On June 27, 2018, the U.S. Supreme Court ruled in the case Janus vs AFSCME. An immediate consequence of this ruling was that public sector unions could no longer collect so-called “agency fees” from workers in their bargaining units who had opted out of full union membership.
The other main consequence of the Janus ruling was that those workers who were full dues paying members of public sector unions would have the right to terminate their memberships. In anticipation of a result unfavorable to them, which Janus certainly was, public sector unions have used their influence with lawmakers to pass numerous pieces of legislation designed to make it harder for union members to quit. As a result, the full impact of union members terminating their membership will not be felt immediately.
With nearly a year passed since the Janus case was decided, however, it is possible to begin to quantify the impact so far on union membership and on union revenues. It’s not at all an easy task. The mandatory disclosure requirements for public sector unions are minimal. Public corporations and private sector unions are both required to disclose much more information about their finances and operations than are public sector unions.
Nonetheless, over the past several months, the California Policy Center has filed numerous public information requests with public agencies in California, asking their payroll departments to disclose how many of employees had union membership dues and fees deducted, and how much those deductions amounted to. While much more information should be forthcoming as additional bureaucracies slowly respond, we now have data from four relatively large agencies – San Diego County, Orange Unified School District, Santa Ana Unified School District, and Los Angeles Unified School District.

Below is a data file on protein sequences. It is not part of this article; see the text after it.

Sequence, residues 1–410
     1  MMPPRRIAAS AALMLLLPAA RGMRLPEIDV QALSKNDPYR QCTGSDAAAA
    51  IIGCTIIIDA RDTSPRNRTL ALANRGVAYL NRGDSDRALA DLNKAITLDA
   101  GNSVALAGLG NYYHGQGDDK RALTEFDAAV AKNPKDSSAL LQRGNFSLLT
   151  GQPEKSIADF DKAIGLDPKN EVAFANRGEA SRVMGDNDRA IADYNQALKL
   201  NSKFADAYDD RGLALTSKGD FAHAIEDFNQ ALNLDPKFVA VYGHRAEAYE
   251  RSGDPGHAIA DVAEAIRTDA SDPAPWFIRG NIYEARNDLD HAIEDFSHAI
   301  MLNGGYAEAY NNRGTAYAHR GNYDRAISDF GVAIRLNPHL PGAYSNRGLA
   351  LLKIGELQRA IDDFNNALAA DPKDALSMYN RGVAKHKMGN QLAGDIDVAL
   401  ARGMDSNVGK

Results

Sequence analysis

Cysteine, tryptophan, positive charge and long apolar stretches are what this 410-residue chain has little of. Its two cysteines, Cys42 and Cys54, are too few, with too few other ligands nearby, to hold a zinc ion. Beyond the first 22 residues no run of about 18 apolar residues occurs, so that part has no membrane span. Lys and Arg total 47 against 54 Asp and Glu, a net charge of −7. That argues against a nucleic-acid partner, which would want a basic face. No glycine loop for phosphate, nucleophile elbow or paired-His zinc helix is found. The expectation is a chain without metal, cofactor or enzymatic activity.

Impact on Select California Agencies
The table below shows, at a summary level, what we’ve learned from these four agencies.
Before speculating on how this may translate into a statewide impact by extrapolating from these numbers, a few qualifying remarks are necessary. The columns headed by “# payers” include agency fee payers and full members. From the underlying details, some interesting facts emerged.
In the case of LAUSD, by far the largest agency, four bargaining units were summarized – the UTLA teachers union, the “Associated Administrators of Los Angeles,” the SEIU Local 99, and the CSEA bargaining unit. In all cases, the monthly payroll data used for “before Janus” figures were from January 2018. In most cases, the “after Janus” data was from November 2018 (in the case of CSEA, October 2018 was used). What the detailed data showed for all four unions was that agency fee payers and agency fee revenue ended in July 2018. The actual full membership numbers increased, in general, between January 2018 and November 2018, but not enough to make up for the agency fee payers who were lost. That is, these unions were not generally successful in converting their agency fee payers into full union members.